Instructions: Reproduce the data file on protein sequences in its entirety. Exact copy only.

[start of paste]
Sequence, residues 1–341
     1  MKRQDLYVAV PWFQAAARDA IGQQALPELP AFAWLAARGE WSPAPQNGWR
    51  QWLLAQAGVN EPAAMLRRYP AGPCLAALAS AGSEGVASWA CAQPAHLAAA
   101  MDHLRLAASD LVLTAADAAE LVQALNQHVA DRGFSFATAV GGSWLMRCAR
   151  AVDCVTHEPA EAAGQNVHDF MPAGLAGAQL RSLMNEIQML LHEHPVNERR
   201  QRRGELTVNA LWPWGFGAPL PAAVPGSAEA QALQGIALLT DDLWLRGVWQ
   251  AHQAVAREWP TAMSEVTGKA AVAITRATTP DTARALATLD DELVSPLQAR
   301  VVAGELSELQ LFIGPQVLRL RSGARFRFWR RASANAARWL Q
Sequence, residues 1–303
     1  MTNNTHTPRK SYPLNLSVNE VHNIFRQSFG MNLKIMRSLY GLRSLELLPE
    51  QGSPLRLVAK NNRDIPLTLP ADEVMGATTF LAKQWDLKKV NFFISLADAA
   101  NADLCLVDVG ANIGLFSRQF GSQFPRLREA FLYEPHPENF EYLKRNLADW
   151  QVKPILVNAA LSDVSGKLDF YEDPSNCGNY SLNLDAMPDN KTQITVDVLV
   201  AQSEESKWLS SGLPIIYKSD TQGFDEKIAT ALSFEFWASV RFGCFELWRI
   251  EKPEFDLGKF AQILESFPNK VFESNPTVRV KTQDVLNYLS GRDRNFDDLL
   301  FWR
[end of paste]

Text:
Sequence, residues 1–341
     1  MKRQDLYVAV PWFQAAARDA IGQQALPELP AFAWLAARGE WSPAPQNGWR
    51  QWLLAQAGVN EPAAMLRRYP AGPCLAALAS AGSEGVASWA CAQPAHLAAA
   101  MDHLRLAASD LVLTAADAAE LVQALNQHVA DRGFSFATAV GGSWLMRCAR
   151  AVDCVTHEPA EAAGQNVHDF MPAGLAGAQL RSLMNEIQML LHEHPVNERR
   201  QRRGELTVNA LWPWGFGAPL PAAVPGSAEA QALQGIALLT DDLWLRGVWQ
   251  AHQAVAREWP TAMSEVTGKA AVAITRATTP DTARALATLD DELVSPLQAR
   301  VVAGELSELQ LFIGPQVLRL RSGARFRFWR RASANAARWL Q
Sequence, residues 1–303
     1  MTNNTHTPRK SYPLNLSVNE VHNIFRQSFG MNLKIMRSLY GLRSLELLPE
    51  QGSPLRLVAK NNRDIPLTLP ADEVMGATTF LAKQWDLKKV NFFISLADAA
   101  NADLCLVDVG ANIGLFSRQF GSQFPRLREA FLYEPHPENF EYLKRNLADW
   151  QVKPILVNAA LSDVSGKLDF YEDPSNCGNY SLNLDAMPDN KTQITVDVLV
   201  AQSEESKWLS SGLPIIYKSD TQGFDEKIAT ALSFEFWASV RFGCFELWRI
   251  EKPEFDLGKF AQILESFPNK VFESNPTVRV KTQDVLNYLS GRDRNFDDLL
   301  FWR